Olympic Games 2012: Beach Volleyball
In 1920, new jetties in Santa Monica, California created a large sandy area for public enjoyment, planting the seed for beach volleyball development in that region. The first permanent nets began to appear, and people soon began playing recreational games on public parts of the beach and in private beach clubs. Eleven such beach clubs appeared in the Santa Monica area, beginning in late 1922. The first inter-club competitions were staged in 1924.
Most of these early beach volleyball matches were played with teams of at least six players per side, much like indoor volleyball. The concept of the modern two-man beach volleyball game is credited to Paul "Pablo" Johnson, an indoor player of Santa Monica Athletic Club. In the summer of 1930, while waiting for players to show up for a six-man game, Johnson decided to try playing with only the two people present. The game was forever changed. Though recreational games continue to be played with more players, the most widely played version of the game, and the only one contested at an elite level, has only two players per team.
The event now regarded as the first Beach Volleyball World Championships was held in the state in 1976, and was even won by a pair of Californians (Greg Lee and Jim Menges). However, over the last three decades, the sport has moved far beyond its West Coast roots and is now played all over the world.
At the professional level, the sport remained fairly obscure until the 1980s when beach volleyball experienced a surge in popularity. Players like Sinjin Smith, Randy Stoklos and Karch Kiraly became household names. In 1987, the FIVB created the first World Beach Volleyball Championships, played in Rio Janeiro, Brazil won By Sinjin Smith and Randy Stoklos. The FIVB began organizing worldwide professional tournaments, and laid the groundwork for the sport's Olympic debut in 1996.
The combination of fast-paced action, athleticism, banging music and an easy-on-the-eye dress code makes beach volleyball a huge draw for spectators.
Beach Volleyball is similar to the indoor game, which also features on the Olympic programme, but with two main differences. The court, which measures 16 x 8 metres, is covered in sand and situated outdoors; and the game is played by teams of two, instead of teams of six.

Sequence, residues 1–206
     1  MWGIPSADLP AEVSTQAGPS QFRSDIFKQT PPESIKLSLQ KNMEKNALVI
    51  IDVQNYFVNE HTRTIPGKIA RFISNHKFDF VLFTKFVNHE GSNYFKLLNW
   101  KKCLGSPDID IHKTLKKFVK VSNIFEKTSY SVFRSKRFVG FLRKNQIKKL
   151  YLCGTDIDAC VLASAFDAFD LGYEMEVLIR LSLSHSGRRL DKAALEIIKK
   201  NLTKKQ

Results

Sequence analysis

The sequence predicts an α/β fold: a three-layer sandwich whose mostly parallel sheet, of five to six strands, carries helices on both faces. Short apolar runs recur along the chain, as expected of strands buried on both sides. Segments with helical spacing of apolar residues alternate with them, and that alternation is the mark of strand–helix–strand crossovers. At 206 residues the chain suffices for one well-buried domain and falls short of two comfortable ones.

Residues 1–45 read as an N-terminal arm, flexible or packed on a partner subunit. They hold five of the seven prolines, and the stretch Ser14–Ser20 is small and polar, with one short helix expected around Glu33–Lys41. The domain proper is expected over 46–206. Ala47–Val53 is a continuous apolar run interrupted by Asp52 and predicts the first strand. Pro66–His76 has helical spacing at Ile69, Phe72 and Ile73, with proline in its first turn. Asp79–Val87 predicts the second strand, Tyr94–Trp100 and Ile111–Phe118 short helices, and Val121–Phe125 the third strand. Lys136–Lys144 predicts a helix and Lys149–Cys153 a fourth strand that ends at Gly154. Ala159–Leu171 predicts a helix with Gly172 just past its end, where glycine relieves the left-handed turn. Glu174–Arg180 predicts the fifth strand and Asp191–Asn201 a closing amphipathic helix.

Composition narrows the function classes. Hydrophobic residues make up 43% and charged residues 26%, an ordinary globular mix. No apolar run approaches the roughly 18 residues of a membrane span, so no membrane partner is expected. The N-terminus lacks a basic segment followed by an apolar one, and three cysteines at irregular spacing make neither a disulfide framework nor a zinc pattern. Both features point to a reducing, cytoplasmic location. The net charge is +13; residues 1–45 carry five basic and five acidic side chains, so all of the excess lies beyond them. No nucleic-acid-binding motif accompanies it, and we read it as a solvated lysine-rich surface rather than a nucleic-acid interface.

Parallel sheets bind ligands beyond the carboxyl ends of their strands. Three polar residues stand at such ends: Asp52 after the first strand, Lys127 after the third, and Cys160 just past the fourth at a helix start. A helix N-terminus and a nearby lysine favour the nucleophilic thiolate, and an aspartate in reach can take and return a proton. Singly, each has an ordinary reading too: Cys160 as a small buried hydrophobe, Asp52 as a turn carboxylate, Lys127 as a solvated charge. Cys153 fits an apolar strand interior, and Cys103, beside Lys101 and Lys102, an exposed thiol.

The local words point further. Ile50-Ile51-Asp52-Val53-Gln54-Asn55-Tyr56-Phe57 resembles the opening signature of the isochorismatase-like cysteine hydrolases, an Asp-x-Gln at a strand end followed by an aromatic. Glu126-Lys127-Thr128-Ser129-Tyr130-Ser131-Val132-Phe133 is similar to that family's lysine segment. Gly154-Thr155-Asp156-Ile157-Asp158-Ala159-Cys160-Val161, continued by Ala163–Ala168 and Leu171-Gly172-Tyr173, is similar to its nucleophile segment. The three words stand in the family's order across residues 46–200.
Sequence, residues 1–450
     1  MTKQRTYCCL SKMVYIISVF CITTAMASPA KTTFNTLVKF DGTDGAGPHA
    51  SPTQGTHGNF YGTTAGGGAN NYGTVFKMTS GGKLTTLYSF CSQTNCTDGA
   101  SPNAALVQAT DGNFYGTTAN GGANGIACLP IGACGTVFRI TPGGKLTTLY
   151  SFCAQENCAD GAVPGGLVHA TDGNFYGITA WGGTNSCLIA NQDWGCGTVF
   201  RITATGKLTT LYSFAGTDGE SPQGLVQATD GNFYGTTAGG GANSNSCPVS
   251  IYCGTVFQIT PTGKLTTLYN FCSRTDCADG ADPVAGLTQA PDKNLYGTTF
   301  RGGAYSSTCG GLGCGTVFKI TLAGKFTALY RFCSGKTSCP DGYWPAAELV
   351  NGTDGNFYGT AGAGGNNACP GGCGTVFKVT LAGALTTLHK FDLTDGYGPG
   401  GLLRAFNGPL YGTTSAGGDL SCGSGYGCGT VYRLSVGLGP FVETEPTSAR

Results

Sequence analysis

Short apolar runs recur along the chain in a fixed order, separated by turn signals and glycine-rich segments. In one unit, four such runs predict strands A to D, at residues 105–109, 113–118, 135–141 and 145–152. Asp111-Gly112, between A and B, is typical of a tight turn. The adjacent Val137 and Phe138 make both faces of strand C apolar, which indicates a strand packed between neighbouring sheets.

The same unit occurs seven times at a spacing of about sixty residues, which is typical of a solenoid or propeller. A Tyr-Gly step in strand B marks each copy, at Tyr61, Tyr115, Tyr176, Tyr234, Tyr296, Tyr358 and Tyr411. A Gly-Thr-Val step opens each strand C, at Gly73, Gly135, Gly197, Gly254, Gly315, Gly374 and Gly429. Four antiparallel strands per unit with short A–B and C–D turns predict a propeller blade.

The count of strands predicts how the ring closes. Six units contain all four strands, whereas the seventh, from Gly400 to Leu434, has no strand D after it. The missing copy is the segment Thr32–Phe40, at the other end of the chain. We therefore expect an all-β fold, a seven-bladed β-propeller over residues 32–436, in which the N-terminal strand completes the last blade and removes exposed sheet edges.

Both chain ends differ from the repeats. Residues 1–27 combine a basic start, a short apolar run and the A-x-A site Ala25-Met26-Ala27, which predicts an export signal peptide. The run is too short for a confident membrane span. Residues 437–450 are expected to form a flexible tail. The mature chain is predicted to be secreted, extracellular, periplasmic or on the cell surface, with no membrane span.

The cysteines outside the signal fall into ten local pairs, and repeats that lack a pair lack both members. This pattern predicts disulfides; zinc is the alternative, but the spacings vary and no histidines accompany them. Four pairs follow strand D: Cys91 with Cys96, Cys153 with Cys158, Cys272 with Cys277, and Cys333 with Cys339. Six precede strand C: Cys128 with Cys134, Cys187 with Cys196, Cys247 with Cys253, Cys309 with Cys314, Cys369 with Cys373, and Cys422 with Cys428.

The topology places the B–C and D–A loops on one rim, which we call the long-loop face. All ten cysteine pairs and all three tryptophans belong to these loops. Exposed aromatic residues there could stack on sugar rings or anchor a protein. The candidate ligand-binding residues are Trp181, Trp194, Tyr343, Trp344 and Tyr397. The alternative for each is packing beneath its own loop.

The object of the sport is to land the ball in the opposition’s half of the court. After the serve, each team is allowed three touches of the ball before it must cross over the net – set at a height of 2.43m for men and 2.24m for women – to the opposition. Matches are played in a best-of-three-sets format. The first two sets are the first to 21 points, though a two-point lead is needed to win, and in the deciding set it is first to 15. The players change sides every seven points, or every five in the third set. The two players rotate serve. The ball is not a beachball, in case you were wondering, but it is softer, slacker and slightly larger than an indoor volleyball.
In 1999 FIVB said that players must wear standardized uniforms, which for men meant wearing shorts (vests or t-shirts are optional) and women bikinis. The decision proved controversial with some players, arguing the move was taken to make the sport sexy. Others defended the decision saying it was a practical one given the conditions - hot and humid - that the game is played under.
Players can use any part of their body to hit the ball, they just can’t catch or throw it. They communicate with each other with hand signals, made behind their backs to hide them from the opposing team, usually made before the serve, to indicate what kind of block they will attempt.
The game is fast and frantic and played in hot, humid conditions meaning players have to keep hydrated to maintain performance. Typically players will consume roughly two litres of water every hour during games and significantly more afterwards to aide recovery.
At London 2012, both the men’s and women’s Beach Volleyball events will begin with a preliminary phase: the 24 teams in each event will be divided into six pools of four, and each team will play every other team in their pool. A total of 16 teams from this phase will qualify for the knockout phase, with the winners of the semi-finals eventually going head-to-head for the gold.
Six groups of four play a round-robin, with the first two teams automatically through to the knock-out stages. Two of the six third-placed teams go through as well, with the other four playing off for the final two places.
The sand used during the Games will be high-quality Redhill 28 sand from a quarry in Surrey. 2,274 tons will be needed to fill one competition court, two warm up courts and two training courts.